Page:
|A PLAY-BY-PLAY DESCRIPTION OF ONE SCAN OF THE CONSOLE
The twelve-bit analog to digital converter using high speed multiplexing techniques, samples and digitizes the control voltage of each of the six submaster faders, 40 input faders, and four line control faders in order. The sequential sampling produces a flow of words. A word is the digitized representation for the number of dB attenuation from unity gain for one time period.
First the six words representing the value (dB attenuation) of the six submasters are stored in the six submaster memories.
Then, the Channel #1 fader word is entered into the adder. If any of the six submaster selector switches are selected, the values of those submasters are recalled from memory, and also entered into the adder. A word representing the sum of the channel fader and all of the selected submasters results. Each channel is sequentially processed so that one console scan results in the flow of 44 data words from the adder.
The flow is then processed by the exponential memory. Here, on a plug-in circuit board the 12 ROM’s scale the fader taper. The ability to adjust the dB per inch of travel of all faders while a fringe benefit of digital processing is a unique feature of the Crystalab system.
The function of the Data Multiplexer circuitry is the heart of this high-speed data management system. It is the power of the Read/Write switch. The Data Multiplexer has two data inputs: one from the console faders and the other the “from disc” buffer. The 44 word scans are synchronized such that the Read/Write switch on each channel selects between the two “word 1’s”. two “word 2’s”, two “word 3’s”, and so on until one of all 44 pairs of words have been selected. This composite data is directed to the output circuitry and to the input of the “to disc” buffer.
The output circuitry takes the flow of composite data and directs the 44 words to the 44 Programmable Parametric Attenuators as well to the LED dB attenuation readout displays of the fader.
The update power of this system effectively allows the operator to alter any of the 44 channels for a period as short as one thousandth of a second without affecting or changing any other channels. The selective Read/Write of each channel on each scan provides a powerful tool.
The buffer memory consists of two 11,000 word Randon Access memories. Each RAM has 250 locations of 44 words. The “to disc” RAM receives data from the output of the data multiplexer. At the start of a time zone, say, T200, (note: which is the “T200 time:” referenced in the cartoon panel below) the 44 words of each console scan are sequentially stored, in order, at each location. Each successive console scan addresses the next location. Each time zone is 250 msec. At the end of the 250th console scan the “to disc” RAM is full and all information is shifted to disc in lump and stored in the time zone related block, in this case T200. When T201 starts, the “to disc” RAM is empty and again begins to fill up.
This sequence is repeated for each 250 msec time zone. In this way data is entered into RAM in real time but shifted to disc as one block. Meanwhile, just before the start of T200, the block of data at disc location T200 is shifted to the “from disc” RAM as a chunk. When T200 starts, each location is sequentially emptied exactly as it had been entered. The first location that had been filled is also the first to empty. The 44 words of each scan are directed to the “from disc” buffer input of the Data Multiplexer.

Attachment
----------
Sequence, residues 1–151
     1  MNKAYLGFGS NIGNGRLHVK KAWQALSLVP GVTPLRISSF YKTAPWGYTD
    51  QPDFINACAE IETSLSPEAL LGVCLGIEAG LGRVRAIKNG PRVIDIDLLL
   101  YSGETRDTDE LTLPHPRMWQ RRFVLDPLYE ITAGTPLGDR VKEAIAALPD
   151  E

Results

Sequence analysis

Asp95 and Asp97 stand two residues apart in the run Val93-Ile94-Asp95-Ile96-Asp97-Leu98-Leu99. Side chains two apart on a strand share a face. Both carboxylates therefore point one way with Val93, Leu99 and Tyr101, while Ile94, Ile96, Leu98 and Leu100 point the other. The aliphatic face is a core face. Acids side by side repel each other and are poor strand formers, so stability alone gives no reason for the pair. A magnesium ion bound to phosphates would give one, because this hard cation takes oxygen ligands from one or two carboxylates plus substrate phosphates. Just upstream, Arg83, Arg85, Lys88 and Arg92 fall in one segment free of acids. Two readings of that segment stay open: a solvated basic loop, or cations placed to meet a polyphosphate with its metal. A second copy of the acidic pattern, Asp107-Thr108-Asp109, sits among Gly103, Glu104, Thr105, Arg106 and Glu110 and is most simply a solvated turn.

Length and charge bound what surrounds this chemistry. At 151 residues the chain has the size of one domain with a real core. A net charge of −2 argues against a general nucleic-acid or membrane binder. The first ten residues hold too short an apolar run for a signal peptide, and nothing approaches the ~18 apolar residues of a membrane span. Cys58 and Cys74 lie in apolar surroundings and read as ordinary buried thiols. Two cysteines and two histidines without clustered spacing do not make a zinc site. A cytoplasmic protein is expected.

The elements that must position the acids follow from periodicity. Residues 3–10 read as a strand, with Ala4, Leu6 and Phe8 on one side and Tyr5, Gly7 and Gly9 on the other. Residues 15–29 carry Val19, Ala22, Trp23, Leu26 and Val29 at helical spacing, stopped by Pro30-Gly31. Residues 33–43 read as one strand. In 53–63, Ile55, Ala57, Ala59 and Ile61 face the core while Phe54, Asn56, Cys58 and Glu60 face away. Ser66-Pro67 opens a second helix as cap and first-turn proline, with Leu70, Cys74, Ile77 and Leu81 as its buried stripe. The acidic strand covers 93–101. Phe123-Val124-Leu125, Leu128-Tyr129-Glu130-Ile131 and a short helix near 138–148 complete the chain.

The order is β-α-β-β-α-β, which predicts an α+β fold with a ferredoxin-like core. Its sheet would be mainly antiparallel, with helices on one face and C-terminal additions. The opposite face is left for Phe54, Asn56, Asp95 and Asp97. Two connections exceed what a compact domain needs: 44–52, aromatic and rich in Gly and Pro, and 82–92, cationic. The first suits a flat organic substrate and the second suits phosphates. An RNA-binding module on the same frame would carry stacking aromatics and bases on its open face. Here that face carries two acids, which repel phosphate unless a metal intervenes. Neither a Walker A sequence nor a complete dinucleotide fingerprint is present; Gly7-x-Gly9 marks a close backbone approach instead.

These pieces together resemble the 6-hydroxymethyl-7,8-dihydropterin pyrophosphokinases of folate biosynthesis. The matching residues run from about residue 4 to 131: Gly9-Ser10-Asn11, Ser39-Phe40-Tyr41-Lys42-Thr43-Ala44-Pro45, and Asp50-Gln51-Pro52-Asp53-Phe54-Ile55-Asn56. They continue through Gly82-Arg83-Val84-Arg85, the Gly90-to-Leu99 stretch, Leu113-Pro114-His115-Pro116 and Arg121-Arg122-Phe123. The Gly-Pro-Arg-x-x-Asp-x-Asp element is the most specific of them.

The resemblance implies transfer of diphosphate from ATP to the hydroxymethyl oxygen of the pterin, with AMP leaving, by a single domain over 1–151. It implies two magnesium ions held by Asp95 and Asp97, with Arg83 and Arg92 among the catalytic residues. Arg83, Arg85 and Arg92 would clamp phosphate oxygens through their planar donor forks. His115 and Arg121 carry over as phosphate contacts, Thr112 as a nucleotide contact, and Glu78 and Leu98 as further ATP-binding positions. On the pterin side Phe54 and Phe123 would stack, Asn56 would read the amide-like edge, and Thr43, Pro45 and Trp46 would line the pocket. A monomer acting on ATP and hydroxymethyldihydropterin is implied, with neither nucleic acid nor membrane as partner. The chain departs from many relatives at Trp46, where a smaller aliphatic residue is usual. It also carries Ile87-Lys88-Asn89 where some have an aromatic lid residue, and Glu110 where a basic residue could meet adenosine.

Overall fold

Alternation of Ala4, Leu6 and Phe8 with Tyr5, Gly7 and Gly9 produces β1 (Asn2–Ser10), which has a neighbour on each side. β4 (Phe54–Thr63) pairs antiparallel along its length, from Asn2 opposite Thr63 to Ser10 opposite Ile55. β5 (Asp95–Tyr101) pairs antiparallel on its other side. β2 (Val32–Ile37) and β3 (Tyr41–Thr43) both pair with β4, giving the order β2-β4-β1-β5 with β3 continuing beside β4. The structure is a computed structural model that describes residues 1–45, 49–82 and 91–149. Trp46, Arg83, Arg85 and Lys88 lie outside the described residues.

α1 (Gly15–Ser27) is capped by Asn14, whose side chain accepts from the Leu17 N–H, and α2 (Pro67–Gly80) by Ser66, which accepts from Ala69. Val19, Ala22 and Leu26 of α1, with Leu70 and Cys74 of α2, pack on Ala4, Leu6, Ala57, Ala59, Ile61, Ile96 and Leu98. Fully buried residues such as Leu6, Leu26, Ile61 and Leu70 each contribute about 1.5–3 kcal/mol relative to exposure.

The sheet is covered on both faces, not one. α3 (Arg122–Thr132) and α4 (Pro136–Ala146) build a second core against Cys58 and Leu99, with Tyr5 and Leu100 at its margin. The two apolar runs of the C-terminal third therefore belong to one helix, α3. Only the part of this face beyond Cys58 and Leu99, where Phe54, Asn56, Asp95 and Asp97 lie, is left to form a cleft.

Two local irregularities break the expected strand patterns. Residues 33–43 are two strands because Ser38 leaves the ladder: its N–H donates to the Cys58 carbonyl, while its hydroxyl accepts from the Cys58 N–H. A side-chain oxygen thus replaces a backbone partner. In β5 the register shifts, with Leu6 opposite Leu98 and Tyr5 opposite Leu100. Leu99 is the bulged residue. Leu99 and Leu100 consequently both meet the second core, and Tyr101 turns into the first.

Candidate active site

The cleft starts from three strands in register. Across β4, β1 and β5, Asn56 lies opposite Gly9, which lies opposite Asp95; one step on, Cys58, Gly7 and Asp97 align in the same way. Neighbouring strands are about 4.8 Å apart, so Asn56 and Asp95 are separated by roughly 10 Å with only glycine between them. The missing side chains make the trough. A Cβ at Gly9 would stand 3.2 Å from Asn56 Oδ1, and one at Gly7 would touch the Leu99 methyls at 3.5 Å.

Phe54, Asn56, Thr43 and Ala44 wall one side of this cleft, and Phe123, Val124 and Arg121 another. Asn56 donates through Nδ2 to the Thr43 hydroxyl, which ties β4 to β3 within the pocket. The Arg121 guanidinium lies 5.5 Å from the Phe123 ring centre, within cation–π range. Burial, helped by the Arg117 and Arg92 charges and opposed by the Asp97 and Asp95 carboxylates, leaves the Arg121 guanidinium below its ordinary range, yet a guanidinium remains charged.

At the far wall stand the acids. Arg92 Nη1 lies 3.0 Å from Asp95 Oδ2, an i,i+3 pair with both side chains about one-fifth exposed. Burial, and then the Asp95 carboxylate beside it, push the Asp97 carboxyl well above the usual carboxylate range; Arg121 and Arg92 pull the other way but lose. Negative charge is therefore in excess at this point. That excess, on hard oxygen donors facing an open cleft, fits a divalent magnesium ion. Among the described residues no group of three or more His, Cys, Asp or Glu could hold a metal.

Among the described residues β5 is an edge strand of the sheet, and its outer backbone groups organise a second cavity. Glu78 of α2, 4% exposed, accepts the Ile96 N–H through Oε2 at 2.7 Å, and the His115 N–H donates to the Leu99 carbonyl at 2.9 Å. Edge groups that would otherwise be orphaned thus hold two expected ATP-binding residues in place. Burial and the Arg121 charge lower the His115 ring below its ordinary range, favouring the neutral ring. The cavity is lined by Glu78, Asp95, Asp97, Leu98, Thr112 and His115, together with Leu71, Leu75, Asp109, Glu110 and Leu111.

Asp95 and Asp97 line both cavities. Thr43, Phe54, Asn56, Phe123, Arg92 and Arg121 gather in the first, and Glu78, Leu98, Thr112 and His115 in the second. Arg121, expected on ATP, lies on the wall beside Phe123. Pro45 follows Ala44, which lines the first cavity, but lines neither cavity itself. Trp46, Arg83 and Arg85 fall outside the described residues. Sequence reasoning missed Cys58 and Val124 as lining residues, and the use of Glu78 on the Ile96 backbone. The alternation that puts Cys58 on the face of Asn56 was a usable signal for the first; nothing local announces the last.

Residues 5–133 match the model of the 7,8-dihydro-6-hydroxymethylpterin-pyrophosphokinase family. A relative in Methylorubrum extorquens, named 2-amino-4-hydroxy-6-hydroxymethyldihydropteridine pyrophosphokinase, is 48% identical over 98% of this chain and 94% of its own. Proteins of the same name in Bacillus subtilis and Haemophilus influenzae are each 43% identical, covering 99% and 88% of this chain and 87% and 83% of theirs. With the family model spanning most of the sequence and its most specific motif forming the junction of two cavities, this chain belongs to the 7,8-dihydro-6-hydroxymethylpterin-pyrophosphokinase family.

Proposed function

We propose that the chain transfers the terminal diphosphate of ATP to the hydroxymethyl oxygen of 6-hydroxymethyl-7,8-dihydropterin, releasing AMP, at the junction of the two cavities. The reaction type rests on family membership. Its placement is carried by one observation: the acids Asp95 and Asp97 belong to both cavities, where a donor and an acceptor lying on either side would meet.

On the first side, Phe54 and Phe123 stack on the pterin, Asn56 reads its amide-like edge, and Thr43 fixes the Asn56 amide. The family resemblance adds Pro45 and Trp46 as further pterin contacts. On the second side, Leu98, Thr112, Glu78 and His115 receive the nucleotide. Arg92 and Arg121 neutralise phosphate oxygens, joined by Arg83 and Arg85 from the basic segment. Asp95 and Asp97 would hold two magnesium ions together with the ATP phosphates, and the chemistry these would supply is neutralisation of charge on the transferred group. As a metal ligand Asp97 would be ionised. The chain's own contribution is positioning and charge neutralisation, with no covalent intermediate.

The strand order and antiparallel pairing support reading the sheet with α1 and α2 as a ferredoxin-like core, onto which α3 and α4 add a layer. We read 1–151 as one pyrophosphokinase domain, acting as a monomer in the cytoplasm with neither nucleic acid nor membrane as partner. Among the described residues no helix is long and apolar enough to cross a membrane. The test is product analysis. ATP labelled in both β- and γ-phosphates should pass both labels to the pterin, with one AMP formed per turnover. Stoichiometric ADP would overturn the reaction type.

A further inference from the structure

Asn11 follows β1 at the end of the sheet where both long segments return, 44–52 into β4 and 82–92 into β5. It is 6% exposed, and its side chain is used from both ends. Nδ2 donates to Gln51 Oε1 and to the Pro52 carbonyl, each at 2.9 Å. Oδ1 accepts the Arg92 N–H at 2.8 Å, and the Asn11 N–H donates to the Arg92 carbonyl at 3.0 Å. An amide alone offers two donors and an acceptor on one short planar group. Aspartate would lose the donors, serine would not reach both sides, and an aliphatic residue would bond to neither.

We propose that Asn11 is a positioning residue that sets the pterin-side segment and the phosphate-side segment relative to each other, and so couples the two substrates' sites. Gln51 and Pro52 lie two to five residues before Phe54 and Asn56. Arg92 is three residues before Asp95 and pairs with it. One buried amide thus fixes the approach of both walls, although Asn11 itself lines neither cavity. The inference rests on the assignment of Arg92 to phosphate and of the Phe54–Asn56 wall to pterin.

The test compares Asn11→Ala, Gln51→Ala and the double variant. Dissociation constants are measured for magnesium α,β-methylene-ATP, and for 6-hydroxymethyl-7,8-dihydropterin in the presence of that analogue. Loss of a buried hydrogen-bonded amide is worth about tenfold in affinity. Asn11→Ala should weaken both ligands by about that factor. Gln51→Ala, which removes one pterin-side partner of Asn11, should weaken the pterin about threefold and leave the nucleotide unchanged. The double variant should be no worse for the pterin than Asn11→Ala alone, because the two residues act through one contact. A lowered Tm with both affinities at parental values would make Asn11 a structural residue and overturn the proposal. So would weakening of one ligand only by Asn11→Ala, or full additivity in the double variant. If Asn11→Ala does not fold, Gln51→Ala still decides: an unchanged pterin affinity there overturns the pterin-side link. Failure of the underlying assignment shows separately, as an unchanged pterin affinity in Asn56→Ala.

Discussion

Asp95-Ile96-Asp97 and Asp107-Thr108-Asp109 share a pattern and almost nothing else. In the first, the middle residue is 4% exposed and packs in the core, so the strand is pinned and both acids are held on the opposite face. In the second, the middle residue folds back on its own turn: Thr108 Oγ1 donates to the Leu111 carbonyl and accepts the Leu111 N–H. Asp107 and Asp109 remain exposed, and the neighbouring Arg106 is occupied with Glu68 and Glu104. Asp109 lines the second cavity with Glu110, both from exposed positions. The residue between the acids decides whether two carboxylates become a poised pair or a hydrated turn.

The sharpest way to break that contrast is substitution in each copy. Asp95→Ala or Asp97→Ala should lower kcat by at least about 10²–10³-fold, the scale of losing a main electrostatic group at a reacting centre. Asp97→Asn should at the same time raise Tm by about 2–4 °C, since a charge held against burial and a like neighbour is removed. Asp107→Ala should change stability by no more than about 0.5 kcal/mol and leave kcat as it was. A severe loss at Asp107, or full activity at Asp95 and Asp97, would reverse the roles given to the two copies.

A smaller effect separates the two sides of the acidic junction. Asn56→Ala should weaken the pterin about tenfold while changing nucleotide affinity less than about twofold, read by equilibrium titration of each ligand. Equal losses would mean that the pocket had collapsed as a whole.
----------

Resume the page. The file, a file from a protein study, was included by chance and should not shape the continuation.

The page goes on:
At any given instant both RAMs are processing the same time zone. The “from disc” is emptying into the Data Multiplexer input while the “to disc” RAM is filling up from the Data Multiplexer output.
The Crystalab proprietary Time Code System allows the synchronization of the master audio tape, console, and disc memory systems.
The time code signal generated in the encoder is recorded on the audio tape. As the tape is replayed, each time code reading is interpreted by the time code reader and is translated into a four digit number. The four digit numbers are successively incremental such that 0000 is followed by 0001, 0002, and so on. There are four time zones each second; 2400 time zones for a 10 minute period.
The time code signal itself is a modulated 20kHz sine wave recorded at a level as much as 35 dB below reference. One of the problems of existing time code systems is the interference between it and the audio information on adjacent tracks. The unique feature of the Crystalab Time Code System is that it does not require a separate track. It’s supersonic frequency and low recorded level make it inconspicuous on the bass or bass drum track. The time code readings are insensitive to dropouts, spurious pops or clicks, and tape speed variations.
Overall, the gap between sophisticated electronics and user ease of operation has been narrowed. No longer is “state-of-the-art” a synonym for complicated and difficult to use because the digital control of audio offers the creative engineer a chance to control the equipment and not be controlled by it; it is the mixer’s musical instrument which is easily played with understanding and feeling.
Designed as an integral element of a complete 24 track mixing studio, Crystalab’s new and unique circuits, fabricated with only military grade components and gold contacts on all switches and connectors, underscore the handcrafted quality. Machined aluminum framework and engraved panels, as well as burl woodwork, add strength and beauty to a system where high performance and super-reliability are the first design specifications.
The purpose of Crystalab is to enhance the artistry and technology of music recording systems.
The tremendous design effort invested in this project is representative of the creativity that is the essence of the music business.